Absent from girls, boys perceive new areas of opportunity, such as in the arts, or other areas of student engagement that, in coed schools, can unwittingly encourage gender segregation and performance expectations. In all-boys schools, students are more likely to engage in the arts and the social sciences, and feel less pressure to adopt/display stereotypically male behaviors.
Most importantly, boys’ schools can allow specific kinds of discussion that, in other settings, boys may not be readily exposed to or, when they are, may feel an acute pressure to avoid. In addition to teaching English and Drama, Laurie Fraser administers aspects of the Character Project at Upper Canada College. The goal of the project is partially to instill authority and leadership, though there are more foundational goals as well. “It’s really hard to act in the world with kindness and generosity when you don’t feel good on the inside,” says Fraser. “We have conversations in a series of workshops about character strengths and the pillars of well-being, including positive emotions, engagement, relationships, finding meaning and having a sense of accomplishment in life.”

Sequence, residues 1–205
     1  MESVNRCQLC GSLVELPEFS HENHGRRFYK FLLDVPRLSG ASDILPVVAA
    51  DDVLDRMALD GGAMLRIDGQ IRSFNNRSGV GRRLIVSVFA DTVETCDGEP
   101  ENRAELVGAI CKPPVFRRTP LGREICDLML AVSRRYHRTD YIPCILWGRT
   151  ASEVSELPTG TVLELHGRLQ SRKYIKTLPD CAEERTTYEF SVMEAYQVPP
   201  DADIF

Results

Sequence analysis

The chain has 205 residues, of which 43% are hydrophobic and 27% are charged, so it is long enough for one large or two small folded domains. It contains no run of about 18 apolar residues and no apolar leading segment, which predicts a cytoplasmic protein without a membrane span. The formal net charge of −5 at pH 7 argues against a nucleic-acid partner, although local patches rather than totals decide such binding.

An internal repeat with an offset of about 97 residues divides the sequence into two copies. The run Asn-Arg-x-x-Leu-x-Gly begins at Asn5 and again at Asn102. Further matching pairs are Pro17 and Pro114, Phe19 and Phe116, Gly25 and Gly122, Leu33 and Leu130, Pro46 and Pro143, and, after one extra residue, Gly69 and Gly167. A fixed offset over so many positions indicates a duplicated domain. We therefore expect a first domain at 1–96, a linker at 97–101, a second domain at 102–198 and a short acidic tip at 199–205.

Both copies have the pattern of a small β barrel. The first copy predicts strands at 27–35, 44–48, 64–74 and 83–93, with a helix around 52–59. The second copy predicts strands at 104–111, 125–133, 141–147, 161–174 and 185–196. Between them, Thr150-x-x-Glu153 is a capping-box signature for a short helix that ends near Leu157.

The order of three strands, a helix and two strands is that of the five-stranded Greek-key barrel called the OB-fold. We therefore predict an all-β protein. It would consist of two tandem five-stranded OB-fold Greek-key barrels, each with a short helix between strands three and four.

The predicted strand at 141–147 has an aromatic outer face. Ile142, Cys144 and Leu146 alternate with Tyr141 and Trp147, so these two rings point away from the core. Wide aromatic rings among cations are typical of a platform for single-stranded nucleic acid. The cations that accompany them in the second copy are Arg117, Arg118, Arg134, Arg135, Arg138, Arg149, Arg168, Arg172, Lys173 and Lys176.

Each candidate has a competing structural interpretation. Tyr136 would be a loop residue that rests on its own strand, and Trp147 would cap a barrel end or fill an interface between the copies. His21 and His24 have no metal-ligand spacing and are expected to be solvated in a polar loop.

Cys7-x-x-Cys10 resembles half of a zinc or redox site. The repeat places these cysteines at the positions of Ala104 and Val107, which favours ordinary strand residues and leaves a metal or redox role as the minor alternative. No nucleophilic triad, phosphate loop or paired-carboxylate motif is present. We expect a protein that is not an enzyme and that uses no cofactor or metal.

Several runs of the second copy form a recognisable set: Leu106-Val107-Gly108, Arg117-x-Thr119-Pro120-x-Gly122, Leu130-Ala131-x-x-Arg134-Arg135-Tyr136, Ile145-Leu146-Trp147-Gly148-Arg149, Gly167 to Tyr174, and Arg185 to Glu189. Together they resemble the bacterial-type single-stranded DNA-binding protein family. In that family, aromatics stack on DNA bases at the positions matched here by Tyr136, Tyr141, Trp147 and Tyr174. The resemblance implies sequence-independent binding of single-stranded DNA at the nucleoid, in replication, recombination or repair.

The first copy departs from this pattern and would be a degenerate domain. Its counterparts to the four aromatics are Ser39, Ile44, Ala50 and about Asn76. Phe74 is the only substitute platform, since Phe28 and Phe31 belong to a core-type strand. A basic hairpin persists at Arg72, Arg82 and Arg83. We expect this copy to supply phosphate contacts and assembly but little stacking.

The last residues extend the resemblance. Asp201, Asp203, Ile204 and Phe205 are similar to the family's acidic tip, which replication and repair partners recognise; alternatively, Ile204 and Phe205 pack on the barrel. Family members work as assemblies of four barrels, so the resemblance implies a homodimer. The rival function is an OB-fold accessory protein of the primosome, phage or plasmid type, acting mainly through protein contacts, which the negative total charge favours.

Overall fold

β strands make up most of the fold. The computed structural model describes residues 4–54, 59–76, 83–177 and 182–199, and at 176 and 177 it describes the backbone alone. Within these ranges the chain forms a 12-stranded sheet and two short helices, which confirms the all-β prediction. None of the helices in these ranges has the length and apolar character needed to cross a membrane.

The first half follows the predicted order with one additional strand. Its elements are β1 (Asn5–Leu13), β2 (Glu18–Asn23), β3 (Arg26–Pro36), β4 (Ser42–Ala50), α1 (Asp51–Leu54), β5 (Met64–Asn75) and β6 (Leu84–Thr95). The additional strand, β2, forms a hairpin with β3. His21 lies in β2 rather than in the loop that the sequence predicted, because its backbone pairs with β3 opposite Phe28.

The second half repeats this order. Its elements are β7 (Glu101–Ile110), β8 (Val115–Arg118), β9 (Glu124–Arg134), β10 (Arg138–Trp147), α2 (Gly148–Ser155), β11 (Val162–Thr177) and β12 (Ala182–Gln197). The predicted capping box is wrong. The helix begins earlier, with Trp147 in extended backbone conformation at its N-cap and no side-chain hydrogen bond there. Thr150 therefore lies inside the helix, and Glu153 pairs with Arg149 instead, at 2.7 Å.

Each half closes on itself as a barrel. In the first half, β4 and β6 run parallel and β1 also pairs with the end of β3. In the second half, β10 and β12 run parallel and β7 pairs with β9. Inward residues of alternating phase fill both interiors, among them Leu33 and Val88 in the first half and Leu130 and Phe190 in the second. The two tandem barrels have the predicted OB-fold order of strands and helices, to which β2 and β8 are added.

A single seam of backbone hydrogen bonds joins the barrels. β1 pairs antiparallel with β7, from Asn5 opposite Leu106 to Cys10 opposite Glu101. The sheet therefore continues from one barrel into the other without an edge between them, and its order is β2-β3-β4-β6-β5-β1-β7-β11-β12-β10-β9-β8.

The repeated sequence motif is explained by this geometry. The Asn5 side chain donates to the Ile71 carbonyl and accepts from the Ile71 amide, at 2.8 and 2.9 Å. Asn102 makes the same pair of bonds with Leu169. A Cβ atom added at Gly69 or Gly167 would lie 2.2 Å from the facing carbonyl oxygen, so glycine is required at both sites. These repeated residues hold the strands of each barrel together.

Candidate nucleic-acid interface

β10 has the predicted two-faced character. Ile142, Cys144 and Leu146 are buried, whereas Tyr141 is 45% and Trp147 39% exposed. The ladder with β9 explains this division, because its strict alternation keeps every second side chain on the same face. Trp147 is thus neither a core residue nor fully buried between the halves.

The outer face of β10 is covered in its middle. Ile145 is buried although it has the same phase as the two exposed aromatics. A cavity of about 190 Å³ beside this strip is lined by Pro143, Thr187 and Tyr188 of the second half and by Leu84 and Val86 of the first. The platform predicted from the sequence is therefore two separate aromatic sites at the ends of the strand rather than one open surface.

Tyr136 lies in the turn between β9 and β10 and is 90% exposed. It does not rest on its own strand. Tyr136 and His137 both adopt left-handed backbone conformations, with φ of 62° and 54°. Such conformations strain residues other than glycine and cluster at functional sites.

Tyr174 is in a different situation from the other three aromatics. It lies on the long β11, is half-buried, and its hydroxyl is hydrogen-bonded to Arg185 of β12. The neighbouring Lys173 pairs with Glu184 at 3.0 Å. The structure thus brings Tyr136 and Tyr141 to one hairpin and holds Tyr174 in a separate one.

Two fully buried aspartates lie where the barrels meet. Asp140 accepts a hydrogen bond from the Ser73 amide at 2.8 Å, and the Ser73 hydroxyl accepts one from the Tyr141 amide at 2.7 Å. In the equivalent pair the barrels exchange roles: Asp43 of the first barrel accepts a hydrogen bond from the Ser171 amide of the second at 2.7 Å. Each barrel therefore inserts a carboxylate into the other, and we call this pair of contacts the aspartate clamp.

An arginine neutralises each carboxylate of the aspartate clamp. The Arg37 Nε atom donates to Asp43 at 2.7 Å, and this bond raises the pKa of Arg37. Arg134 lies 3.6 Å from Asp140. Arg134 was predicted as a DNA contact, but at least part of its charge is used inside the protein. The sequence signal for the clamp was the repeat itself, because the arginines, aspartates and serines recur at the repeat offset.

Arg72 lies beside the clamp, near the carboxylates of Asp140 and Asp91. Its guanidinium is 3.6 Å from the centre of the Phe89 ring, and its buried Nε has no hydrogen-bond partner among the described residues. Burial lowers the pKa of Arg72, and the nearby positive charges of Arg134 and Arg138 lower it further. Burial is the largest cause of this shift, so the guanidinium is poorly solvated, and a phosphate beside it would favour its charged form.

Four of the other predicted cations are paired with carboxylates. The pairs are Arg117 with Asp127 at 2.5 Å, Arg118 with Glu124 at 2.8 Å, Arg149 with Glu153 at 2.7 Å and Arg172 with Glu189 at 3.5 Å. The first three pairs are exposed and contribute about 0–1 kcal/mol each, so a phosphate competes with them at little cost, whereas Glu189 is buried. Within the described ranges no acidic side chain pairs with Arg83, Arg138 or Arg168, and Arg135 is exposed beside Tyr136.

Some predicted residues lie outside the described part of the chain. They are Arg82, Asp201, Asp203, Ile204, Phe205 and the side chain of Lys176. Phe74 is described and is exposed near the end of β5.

On this page, find a list of all-boys schools in Ontario.
How many Ontario boys' schools are there?
There are 10 Ontario boys' schools that are Our Kids trusted members.
How much is tuition at Ontario boys' schools?
Tuition fees for Ontario boys' schools range from $8,500 to $77,070 per year with an average tuition of $39,057 per year.
What’s the largest school?
Of the Ontario boys' schools, the largest is Upper Canada College with 1220 students in Grades SK to 12.
Are Ontario boys' schools good?
We interviewed both parents and students. You can read reviews about Ontario boys' schools on this page.
Is there a private school expo where I can meet with Ontario boys' schools?
Yes. You can meet with private schools and education experts at the Our Kids Private School Expos held every year in September and October. These events are designed for both parents and students. Find event details and ticket info here.